Flexform’s ‘Supermax’ sofa is a contemporary scene stealer

Antonio Citterio and Flexform’s new sofa updates the 1980s ‘Max’, but loses none of its stage presence

Flexform Supermax sofa on stage
The new ‘Supermax’ sofa, by Antonio Citterio, for Flexform, photographed at Milan’s Teatro Continuo, a public sculpture by artist Alberto Burri, realised on the occasion of the XV Triennale Milano International Exhibition
(Image credit: Tommaso Sartori)

In partnership with Flexform

When Italian designer Antonio Citterio conceived the now-iconic ‘Max’ sofa for Flexform back in 1983, it was the first time he had incorporated organic forms into a more traditional structure. ‘Until the end of the 1970s, I had always followed two schools of thought: the American way of the Eameses, and the rationalist one of Giuseppe Terragni,’ he explains.

‘I worked with designs that were symmetrical and perpendicular. With the “Max”, I confronted the idea of being asymmetrical, with a “freer” form. At the same time, it still feels like my work in terms of memories of the rationalist school of thought.’

Flexform Supermax sofa close-up

The ‘Supermax’ sofa has been redesigned and enhanced to allow for more domestic use

(Image credit: Tommaso Sartori)

The sofa’s sculptural design is defined by a kidney bean-shaped seating platform resting on a tubular frame, with an off-centre cylindrical backrest. It acquired legendary status after Flexform released a series of images of a version with a striped backrest at the base of the spiral staircase at Milan’s Triennale. Photographed by Gabriele Basilico, under the art direction of Natalia Corbetta, the sofa appeared to be both in harmony and in contrast with the architecture.

Flexform ‘Supermax’ sofa reimagines a classic

Flexform Supermax sofa on stage

The new design retains the stage presence of the original

(Image credit: Tommaso Sartori)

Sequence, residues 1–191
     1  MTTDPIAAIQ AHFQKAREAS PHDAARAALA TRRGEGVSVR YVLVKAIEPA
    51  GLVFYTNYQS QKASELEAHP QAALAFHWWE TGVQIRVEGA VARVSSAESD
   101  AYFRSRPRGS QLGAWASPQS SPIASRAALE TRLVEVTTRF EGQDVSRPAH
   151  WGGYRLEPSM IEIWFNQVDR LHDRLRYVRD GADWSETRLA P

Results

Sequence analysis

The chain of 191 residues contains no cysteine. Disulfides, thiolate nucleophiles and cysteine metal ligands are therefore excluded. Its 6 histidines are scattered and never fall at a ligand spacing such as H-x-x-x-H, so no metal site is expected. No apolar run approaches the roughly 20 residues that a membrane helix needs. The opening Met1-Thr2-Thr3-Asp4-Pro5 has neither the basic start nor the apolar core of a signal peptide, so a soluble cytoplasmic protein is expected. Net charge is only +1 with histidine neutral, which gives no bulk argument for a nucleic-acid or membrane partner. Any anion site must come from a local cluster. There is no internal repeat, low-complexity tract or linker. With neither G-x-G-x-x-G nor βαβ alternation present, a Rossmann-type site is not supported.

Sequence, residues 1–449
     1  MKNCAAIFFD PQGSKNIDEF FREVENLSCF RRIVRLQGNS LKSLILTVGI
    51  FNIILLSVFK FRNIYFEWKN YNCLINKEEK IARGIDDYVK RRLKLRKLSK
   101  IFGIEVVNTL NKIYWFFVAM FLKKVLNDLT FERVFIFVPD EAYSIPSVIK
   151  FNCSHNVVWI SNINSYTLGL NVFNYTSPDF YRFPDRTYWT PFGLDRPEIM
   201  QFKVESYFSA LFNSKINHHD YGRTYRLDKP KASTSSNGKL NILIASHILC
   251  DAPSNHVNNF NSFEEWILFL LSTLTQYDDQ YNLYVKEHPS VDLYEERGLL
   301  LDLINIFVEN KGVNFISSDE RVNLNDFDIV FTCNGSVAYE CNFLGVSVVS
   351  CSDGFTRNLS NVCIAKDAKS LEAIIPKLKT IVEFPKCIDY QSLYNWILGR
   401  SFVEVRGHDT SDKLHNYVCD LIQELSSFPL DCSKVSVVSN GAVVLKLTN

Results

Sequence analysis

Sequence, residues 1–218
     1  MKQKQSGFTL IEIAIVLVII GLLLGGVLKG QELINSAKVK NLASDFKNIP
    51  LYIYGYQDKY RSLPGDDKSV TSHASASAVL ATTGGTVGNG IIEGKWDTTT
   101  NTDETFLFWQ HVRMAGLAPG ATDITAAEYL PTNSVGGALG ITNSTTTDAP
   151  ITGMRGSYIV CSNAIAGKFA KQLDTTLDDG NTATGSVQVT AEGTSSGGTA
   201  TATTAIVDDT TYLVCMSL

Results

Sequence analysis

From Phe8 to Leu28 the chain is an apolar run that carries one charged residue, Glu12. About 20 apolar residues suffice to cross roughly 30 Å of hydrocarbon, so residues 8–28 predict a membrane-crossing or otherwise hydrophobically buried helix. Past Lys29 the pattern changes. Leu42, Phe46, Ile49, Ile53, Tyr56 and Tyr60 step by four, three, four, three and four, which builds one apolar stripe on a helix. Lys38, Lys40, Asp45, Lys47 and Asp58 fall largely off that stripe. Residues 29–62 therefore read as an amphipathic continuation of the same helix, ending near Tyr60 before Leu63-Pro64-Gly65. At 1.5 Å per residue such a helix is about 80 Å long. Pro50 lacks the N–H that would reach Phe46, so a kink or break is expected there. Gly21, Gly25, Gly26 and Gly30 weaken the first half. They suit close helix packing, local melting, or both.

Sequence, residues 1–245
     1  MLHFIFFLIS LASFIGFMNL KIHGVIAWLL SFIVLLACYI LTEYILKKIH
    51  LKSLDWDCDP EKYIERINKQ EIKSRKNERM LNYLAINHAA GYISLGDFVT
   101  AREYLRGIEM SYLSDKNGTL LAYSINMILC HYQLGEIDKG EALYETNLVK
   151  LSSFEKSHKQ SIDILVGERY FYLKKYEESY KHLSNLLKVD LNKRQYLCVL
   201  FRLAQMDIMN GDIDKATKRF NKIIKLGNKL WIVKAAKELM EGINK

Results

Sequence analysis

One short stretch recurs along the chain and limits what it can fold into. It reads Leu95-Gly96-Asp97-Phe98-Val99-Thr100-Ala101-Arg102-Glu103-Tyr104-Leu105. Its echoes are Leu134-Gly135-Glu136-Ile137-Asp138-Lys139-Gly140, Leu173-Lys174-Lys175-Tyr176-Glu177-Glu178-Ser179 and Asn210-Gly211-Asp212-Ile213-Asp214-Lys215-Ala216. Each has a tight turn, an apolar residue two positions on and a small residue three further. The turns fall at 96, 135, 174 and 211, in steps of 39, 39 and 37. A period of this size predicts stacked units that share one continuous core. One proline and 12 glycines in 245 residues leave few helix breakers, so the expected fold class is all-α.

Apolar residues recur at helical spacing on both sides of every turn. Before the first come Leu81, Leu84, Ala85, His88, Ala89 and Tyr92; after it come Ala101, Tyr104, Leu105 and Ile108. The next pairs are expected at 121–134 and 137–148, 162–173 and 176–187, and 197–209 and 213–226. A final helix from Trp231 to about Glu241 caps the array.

Citterio and Flexform recently joined forces to revisit the idea of the ‘Max’, conceiving the ‘Supermax’ sofa (captured here at Milan’s Teatro Continuo) as a contemporary interpretation of the original 1983 version. ‘It started with us planning an exhibition to showcase photographs of Flexform’s products,’ recalls Citterio. ‘Looking through the materials, we asked ourselves, why not launch “Max” again?’ 

While maintaining the distinctive character of the original, the contemporary version has been reimagined to allow for more domestic use, with the frame lowered and the seat redesigned and enhanced with additional padding (an outdoor version is also available). ‘It is no longer a sofa from the early 1980s, as this was an object whose function was “conditional”, it wasn’t directly for resting or relaxing; “Supermax” today can be for resting and relaxing,’ says Citterio.

Flexform Supermax sofa on stage

(Image credit: Tommaso Sartori)

While ‘Max’ was a social piece of furniture, a sculptural presence in a space, ideally intended for use in waiting rooms, offices and executive lounges, the ‘Supermax’ is more open-ended, able to adapt to public and private environments with the same ease, and aspiring to a more central and multifunctional living room role. 

‘The “Max” is for waiting: you can sit down and wait for someone, or talk with someone briefly,’ says Citterio. ‘But it does not become personal. The “Supermax”, on the other hand, can really become yours.’ 


Rosa Bertoli was born in Udine, Italy, and now lives in London. Since 2014, she has been the Design Editor of Wallpaper*, where she oversees design content for the print and online editions, as well as special editorial projects. Through her role at Wallpaper*, she has written extensively about all areas of design. Rosa has been speaker and moderator for various design talks and conferences including London Craft Week, Maison & Objet, The Italian Cultural Institute (London), Clippings, Zaha Hadid Design, Kartell and Frieze Art Fair. Rosa has been on judging panels for the Chart Architecture Award, the Dutch Design Awards and the DesignGuild Marks. She has written for numerous English and Italian language publications, and worked as a content and communication consultant for fashion and design brands.